Why do we like music? Like most good questions, this one works on many levels. We have answers on some levels, but not all.
We like music because it makes us feel good. Why does it make us feel good? In 2001, neuroscientists Anne Blood and Robert Zatorre at McGill University in Montreal provided an answer. Using magnetic resonance imaging they showed that people listening to pleasurable music had activated brain regions called the limbic and paralimbic areas, which are connected to euphoric reward responses, like those we experience from sex, good food and addictive drugs. Those rewards come from a gush of a neurotransmitter called dopamine. As DJ Lee Haslam told us, music is the drug.
But why? It’s easy enough to understand why sex and food are rewarded with a dopamine rush: this makes us want more, and so contributes to our survival and propagation. (Some drugs subvert that survival instinct by stimulating dopamine release on false pretences.) But why would a sequence of sounds with no obvious survival value do the same thing?
The truth is no one knows. However, we now have many clues to why music provokes intense emotions. The current favourite theory among scientists who study the cognition of music – how we process it mentally – dates back to 1956, when the philosopher and composer Leonard Meyer suggested that emotion in music is all about what we expect, and whether or not we get it. Meyer drew on earlier psychological theories of emotion, which proposed that it arises when we’re unable to satisfy some desire. That, as you might imagine, creates frustration or anger – but if we then find what we’re looking for, be it love or a cigarette, the payoff is all the sweeter.
This, Meyer argued, is what music does too. It sets up sonic patterns and regularities that tempt us to make unconscious predictions about what’s coming next. If we’re right, the brain gives itself a little reward – as we’d now see it, a surge of dopamine. The constant dance between expectation and outcome thus enlivens the brain with a pleasurable play of emotions.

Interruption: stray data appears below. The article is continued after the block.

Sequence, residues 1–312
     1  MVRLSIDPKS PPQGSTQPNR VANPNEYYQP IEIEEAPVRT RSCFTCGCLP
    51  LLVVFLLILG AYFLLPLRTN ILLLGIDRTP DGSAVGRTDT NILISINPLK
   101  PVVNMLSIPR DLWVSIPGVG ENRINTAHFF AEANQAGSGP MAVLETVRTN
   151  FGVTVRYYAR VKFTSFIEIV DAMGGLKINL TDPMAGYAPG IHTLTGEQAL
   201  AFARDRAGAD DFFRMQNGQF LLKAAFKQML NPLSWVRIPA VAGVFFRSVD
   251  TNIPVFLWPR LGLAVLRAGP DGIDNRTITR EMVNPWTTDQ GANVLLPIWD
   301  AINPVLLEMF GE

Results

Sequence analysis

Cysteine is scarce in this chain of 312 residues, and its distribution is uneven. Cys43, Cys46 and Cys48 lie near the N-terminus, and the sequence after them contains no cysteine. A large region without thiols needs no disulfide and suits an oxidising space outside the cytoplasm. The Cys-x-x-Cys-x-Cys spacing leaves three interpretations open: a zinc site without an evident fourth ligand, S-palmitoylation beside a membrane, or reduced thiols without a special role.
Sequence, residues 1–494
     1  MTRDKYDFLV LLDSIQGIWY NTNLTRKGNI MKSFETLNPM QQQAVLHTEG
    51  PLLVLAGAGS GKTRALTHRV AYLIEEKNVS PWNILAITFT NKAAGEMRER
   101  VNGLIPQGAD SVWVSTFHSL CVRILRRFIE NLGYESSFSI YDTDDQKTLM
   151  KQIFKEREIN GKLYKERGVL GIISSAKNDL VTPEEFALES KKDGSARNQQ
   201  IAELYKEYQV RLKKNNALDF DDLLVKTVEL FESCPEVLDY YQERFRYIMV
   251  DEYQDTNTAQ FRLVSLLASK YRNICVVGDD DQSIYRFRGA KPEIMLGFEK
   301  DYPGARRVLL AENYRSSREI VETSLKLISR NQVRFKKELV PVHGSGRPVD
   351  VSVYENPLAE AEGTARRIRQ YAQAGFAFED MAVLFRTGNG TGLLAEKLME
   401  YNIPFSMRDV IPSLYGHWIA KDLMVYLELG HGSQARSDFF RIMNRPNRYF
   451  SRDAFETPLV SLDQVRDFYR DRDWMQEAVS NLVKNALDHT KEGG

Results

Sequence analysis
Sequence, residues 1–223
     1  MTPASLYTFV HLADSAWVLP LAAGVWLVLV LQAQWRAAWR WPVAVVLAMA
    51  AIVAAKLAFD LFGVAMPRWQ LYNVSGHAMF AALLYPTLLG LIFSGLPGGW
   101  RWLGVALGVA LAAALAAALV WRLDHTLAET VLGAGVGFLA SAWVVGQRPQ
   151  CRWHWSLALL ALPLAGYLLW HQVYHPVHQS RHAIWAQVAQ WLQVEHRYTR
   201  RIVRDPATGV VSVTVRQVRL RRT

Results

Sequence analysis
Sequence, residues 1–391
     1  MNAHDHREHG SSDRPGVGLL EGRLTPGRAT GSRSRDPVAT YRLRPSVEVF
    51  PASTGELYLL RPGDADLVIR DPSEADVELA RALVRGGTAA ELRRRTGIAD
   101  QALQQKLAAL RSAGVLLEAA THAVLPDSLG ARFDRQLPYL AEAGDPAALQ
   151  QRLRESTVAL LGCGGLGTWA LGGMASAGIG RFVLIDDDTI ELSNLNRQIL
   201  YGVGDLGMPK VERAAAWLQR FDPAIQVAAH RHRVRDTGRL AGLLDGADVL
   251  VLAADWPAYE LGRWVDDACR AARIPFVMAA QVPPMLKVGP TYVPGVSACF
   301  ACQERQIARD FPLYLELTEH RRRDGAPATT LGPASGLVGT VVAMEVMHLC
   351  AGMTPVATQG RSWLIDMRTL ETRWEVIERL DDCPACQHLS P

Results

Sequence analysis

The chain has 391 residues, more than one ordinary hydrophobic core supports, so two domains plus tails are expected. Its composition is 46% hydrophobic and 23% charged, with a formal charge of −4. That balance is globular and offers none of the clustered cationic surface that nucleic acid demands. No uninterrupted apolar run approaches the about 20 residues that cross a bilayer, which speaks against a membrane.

Why should we care, though, whether our musical expectations are right or not? It’s not as if our life depended on them. Ah, says musicologist David Huron of Ohio State University, but perhaps once it did. Making predictions about our environment – interpreting what we see and hear, say, on the basis of only partial information – could once have been essential to our survival, and indeed still often is, for example when crossing the road. And involving the emotions in these anticipations could have been a smart idea. On the African savannah, our ancestors did not have the luxury of mulling over whether that screech was made by a harmless monkey or a predatory lion. By bypassing the “logical brain” and taking a shortcut to the primitive limbic circuits that control our emotions, the mental processing of sound could prompt a rush of adrenalin – a gut reaction – that prepares us to get out of there anyway.
We all know that music has this direct line to the emotions: who hasn’t been embarrassed by the tears that well up as the strings swell in a sentimental film, even while the logical brain protests that this is just cynical manipulation? We can’t turn off this anticipatory instinct, nor its link to the emotions – even when we know that there’s nothing life-threatening in a Mozart sonata. “Nature’s tendency to overreact provides a golden opportunity for musicians”, says Huron. “Composers can fashion passages that manage to provoke remarkably strong emotions using the most innocuous stimuli imaginable.”